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Advice from Nobel Prize Winner Oliver Smithies

In December 2014, distinguished Professors Smithies and Maeda from the University of North Carolina at Chapel Hill, gave a special lecture series at the Tohoku University Graduate School of Pharmaceutical Sciences and Medicine.

Dr. Oliver Smithies was jointly awarded the 2007 Nobel Prize in Physiology or Medicine for discoveries of principles for introducing specific gene modifications in mice by the use of embryonic stem cells.

Dr. Nobuyo Maeda has produced a paradigm-breaking mouse model of atherosclerosis which has since been used in cardiovascular research all over the world. Receiving a Ph.D. in Bio-Organic Chemistry from Tohoku University, Maeda moved on to do research at the at the University of Wisconsin.

It was here that Maeda met Smithies and their mutual passion for science brought them together as partners in marriage, as well as in research. On the subject of choosing a future partner, they elaborated at an opinion exchange with staff and students at the Tohoku University Center for Gender Equality Promotion. Smithies said it was important to have a partner where mutual respect existed.

Dr. Smithies and Dr. Maeda at the Tohoku University Center for Gender Equality Promotion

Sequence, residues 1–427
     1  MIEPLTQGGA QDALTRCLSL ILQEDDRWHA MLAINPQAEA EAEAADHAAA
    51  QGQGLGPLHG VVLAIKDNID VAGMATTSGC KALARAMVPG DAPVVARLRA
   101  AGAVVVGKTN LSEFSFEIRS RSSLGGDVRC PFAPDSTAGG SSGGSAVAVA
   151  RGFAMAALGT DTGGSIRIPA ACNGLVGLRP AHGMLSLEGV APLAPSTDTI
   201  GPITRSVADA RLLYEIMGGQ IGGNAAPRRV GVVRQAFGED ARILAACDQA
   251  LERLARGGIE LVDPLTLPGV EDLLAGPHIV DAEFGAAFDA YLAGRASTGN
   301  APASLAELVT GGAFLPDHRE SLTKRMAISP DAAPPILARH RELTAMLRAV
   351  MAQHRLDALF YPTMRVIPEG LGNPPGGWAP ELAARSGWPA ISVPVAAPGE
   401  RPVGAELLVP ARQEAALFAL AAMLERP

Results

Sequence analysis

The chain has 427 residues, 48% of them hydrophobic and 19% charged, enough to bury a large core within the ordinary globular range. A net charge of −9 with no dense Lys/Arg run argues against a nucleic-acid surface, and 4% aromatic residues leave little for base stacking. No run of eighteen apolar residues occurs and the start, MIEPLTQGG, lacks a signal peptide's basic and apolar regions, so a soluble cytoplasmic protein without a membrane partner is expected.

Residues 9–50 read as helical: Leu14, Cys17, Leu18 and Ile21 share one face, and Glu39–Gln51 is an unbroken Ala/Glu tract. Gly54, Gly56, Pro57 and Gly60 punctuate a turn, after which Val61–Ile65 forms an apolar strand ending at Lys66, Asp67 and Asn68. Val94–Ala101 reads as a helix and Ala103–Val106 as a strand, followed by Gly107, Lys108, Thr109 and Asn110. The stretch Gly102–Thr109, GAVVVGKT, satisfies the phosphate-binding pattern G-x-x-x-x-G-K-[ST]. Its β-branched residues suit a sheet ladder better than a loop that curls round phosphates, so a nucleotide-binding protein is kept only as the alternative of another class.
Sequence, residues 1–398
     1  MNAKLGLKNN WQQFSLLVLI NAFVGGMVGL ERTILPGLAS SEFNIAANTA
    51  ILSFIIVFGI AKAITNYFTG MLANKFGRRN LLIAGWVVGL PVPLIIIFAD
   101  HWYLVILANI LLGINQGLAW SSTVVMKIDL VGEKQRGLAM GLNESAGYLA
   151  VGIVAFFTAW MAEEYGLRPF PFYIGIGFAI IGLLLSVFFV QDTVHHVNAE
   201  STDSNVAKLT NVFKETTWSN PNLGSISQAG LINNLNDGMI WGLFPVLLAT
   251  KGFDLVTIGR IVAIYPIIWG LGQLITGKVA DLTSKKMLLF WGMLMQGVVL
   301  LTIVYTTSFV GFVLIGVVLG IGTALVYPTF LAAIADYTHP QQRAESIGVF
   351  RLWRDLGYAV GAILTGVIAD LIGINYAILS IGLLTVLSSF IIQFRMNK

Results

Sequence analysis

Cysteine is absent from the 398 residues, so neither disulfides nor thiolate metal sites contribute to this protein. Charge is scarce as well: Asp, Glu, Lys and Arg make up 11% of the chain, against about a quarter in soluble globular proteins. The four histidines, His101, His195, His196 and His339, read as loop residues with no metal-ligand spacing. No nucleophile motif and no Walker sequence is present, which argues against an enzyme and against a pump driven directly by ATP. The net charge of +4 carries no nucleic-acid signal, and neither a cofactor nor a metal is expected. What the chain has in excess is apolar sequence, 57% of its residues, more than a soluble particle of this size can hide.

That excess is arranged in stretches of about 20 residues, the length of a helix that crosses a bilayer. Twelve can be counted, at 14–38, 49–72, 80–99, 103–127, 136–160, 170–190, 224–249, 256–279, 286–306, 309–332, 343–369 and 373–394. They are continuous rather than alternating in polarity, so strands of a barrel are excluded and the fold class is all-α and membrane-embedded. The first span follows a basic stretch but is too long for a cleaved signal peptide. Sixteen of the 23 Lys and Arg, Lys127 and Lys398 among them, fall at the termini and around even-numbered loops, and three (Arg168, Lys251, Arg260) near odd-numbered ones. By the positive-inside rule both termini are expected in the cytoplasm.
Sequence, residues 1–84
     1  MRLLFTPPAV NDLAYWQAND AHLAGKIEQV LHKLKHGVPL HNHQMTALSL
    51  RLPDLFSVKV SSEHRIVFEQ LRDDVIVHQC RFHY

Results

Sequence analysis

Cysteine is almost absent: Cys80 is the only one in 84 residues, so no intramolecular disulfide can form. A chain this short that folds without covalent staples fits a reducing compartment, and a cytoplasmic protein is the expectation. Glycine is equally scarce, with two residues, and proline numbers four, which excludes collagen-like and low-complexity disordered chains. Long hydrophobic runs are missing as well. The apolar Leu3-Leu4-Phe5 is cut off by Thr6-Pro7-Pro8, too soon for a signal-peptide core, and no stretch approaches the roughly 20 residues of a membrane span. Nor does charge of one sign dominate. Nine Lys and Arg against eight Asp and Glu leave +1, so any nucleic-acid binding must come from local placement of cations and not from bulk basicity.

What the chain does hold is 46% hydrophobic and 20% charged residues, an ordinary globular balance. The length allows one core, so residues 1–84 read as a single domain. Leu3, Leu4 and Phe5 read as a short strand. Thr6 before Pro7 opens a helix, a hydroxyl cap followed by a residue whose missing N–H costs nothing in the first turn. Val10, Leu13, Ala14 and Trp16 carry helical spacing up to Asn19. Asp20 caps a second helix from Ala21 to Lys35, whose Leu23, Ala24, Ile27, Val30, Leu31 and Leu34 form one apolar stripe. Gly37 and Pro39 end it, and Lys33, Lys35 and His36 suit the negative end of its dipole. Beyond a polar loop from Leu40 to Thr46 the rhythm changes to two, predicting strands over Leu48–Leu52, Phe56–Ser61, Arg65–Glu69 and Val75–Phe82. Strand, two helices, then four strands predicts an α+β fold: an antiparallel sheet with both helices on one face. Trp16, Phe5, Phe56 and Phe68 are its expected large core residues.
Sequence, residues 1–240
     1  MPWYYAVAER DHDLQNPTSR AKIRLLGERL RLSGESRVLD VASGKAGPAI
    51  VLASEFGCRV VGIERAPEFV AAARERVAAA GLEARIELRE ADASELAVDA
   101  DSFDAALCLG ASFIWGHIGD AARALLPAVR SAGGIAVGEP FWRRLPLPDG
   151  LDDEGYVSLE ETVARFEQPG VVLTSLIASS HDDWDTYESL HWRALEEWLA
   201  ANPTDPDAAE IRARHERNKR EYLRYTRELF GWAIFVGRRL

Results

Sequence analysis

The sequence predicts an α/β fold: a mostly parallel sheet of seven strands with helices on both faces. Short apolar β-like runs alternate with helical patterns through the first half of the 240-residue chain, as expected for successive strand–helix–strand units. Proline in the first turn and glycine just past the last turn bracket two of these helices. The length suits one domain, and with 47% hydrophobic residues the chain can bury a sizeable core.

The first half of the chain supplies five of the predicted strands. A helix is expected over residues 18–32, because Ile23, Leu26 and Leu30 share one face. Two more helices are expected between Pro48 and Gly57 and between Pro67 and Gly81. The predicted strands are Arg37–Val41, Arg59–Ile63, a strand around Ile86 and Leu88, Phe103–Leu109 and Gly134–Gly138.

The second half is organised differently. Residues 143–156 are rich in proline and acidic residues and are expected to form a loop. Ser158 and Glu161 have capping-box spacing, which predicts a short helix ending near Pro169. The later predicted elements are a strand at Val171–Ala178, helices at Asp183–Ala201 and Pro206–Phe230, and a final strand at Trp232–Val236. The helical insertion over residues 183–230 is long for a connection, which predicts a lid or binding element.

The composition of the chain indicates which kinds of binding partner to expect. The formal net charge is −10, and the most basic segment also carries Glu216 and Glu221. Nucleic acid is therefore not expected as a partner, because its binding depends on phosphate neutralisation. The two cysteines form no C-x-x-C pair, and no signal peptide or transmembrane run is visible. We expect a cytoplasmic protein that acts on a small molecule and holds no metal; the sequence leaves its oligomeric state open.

Dr. Smithies and Dr. Maeda at the Tohoku University Center for Gender Equality Promotion

Present at the exchange was Vice Director of the Tohoku University Center for Gender Equality Promotion Dr. Noriko Osumi, Center Assistant Kei Hashizume and nearly a dozen women researchers and 'Science Angels' or female science graduate students.

In response to a question about where ideas come from -- the topic of Smithies lectures -- Smithies said that getting decent sleep was essential for generating ideas. When one sleeps, ideas that wouldn't normally be formulated by the conscious mind often arise, but these need to be written down in the morning before they are forgotten. Maeda also chimed in to say that discussion with fellow researchers was essential for helping reconfirm ideas and deepen research knowledge.

While the percentage of women pursuing higher education in science in Japan is still low, Maeda reassured Tohoku University graduate students that more than half the students at the University of North Carolina are female.

Contact:

Tohoku University Center for Gender Equality Promotion
TEL 022-217-6092


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